Using Learning Analytics to Increase Student Success
How are your students working through your course? Are they accessing the material in a timely manner? Do they engage with some material more than others? Is this related to their success in the course? How can you know?
It’s always been hard to nail down answers to these questions, especially in face-to-face classes. But if you use Blackboard to deliver some course materials, even in fully in-class courses, you can use its built-in tools for professors to get some answers.
As a professor, you have the option to generate general course reports to measure student activity in the online components of your course, including tests, delivered through Blackboard. You can generate these reports whenever you like. They can give you added insights into your student’s performance whether you teach face-to face, in a hybrid or blended environment, or fully online. It may also guide your course design based on evidence from how students are actually engaging with your material.
There are three types of reports you might find most helpful. Two of them reveal how your students are accessing the course overall: Course reports and Performance dashboard. Both of these are accessible through the Course Management menu under Evaluation. The third type, Item Analysis gives you information about your quiz and test questions.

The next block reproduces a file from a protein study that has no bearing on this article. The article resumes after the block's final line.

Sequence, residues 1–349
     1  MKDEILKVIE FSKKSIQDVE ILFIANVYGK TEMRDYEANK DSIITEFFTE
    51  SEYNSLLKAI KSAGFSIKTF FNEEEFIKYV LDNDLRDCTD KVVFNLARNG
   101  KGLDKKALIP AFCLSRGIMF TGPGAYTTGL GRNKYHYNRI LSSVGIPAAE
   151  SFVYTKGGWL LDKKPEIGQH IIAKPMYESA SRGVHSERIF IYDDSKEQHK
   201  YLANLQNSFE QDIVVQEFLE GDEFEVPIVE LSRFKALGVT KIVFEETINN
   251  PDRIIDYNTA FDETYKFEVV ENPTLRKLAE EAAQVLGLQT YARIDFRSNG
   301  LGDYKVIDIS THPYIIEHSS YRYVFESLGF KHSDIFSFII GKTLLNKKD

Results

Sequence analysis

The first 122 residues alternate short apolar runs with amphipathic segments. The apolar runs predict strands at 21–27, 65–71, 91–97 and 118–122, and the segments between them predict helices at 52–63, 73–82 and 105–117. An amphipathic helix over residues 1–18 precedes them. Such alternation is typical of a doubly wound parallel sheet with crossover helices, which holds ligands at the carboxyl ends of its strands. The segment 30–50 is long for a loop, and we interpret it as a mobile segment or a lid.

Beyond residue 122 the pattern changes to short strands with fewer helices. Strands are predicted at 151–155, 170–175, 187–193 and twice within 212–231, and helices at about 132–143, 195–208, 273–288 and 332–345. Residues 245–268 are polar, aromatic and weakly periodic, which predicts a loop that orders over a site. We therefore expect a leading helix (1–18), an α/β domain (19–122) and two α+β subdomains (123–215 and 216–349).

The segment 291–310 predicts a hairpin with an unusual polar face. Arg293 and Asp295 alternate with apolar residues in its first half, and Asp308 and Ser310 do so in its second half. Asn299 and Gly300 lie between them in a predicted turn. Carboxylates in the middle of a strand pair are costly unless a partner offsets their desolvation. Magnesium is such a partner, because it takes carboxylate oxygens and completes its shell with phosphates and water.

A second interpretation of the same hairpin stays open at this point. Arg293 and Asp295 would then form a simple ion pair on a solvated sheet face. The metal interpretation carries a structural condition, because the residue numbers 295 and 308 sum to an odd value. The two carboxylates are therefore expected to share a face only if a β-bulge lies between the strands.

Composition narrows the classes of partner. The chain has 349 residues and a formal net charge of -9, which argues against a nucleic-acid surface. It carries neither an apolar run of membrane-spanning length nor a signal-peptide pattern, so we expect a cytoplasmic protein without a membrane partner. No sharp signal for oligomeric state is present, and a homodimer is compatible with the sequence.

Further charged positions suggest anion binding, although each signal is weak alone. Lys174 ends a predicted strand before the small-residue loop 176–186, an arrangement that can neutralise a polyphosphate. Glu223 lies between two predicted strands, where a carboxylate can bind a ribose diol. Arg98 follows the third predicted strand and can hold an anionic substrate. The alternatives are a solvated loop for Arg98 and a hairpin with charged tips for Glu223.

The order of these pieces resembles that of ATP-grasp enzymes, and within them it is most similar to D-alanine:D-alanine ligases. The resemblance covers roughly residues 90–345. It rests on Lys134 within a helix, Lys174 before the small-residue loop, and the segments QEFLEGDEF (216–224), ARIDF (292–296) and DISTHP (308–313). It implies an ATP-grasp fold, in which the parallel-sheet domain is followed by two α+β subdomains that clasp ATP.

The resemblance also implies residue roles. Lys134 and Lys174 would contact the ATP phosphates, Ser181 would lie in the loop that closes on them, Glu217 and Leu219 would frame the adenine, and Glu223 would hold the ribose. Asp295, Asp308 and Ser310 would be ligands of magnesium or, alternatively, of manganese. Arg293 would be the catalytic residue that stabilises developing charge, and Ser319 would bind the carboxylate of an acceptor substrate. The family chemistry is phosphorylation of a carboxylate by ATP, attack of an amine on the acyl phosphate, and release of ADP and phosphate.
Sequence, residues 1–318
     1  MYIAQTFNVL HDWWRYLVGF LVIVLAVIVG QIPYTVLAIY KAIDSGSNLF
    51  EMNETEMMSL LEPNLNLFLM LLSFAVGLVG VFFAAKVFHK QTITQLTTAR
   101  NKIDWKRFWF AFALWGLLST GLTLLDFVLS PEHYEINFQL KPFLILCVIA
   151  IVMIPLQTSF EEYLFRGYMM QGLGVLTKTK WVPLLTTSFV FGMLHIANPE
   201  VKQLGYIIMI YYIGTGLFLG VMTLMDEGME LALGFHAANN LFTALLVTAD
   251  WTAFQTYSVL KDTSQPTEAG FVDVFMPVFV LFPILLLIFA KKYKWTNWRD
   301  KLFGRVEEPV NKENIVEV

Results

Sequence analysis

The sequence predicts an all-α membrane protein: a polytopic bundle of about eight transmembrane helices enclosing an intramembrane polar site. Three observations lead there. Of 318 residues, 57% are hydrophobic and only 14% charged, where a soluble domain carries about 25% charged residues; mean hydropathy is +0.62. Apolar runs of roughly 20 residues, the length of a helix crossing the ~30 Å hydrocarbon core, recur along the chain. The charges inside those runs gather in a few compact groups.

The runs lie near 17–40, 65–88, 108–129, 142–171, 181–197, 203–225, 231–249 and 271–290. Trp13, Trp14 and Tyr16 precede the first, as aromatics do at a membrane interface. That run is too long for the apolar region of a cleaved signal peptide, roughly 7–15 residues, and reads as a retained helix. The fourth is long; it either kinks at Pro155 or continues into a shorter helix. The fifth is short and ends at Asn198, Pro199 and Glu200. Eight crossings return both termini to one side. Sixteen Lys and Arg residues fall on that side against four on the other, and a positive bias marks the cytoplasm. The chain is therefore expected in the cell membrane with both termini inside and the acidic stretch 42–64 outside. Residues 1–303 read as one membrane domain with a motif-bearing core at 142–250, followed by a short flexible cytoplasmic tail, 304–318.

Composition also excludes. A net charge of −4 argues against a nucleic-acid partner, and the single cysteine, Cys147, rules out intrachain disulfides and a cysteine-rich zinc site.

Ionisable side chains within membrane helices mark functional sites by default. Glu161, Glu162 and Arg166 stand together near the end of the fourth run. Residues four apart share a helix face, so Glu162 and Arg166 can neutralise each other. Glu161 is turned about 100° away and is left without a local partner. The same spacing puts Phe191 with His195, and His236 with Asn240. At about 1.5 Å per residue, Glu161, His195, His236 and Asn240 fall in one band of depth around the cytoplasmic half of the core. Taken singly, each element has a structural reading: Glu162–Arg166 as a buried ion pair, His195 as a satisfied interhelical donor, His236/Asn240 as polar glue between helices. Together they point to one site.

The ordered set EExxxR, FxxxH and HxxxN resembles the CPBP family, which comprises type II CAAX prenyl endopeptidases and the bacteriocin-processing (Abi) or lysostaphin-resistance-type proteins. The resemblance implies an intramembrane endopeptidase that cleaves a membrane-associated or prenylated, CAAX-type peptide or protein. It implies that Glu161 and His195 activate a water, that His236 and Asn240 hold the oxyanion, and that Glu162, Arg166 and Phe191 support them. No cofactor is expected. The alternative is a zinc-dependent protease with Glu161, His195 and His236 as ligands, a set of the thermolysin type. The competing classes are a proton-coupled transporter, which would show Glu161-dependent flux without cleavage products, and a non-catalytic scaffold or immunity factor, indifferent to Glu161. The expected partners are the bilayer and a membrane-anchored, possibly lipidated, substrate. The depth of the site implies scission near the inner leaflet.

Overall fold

- Course reports present information about course usage and activity for all students. You can generate them in multiple formats including PDF, HTML, Word, and Excel. There are seven Course reports you can select from. Purdue University has produced a series of helpful short videos about generating and interpreting Course reports.
Performance dashboard generates one report for your whole class list showing you columns such as “last course access”, “days since last course access”, “review status”, “Discussion Board”, and “View Grades” (links to grade centre).
Item analysis is the report about tests and quizzes. It provides valuable insights into how your students did on an individual test or quiz. You get measures such as average score and average time to completion, as well as scores for how each question performed (which questions were too easy, too hard, which questions seemed good at separating students, etc.).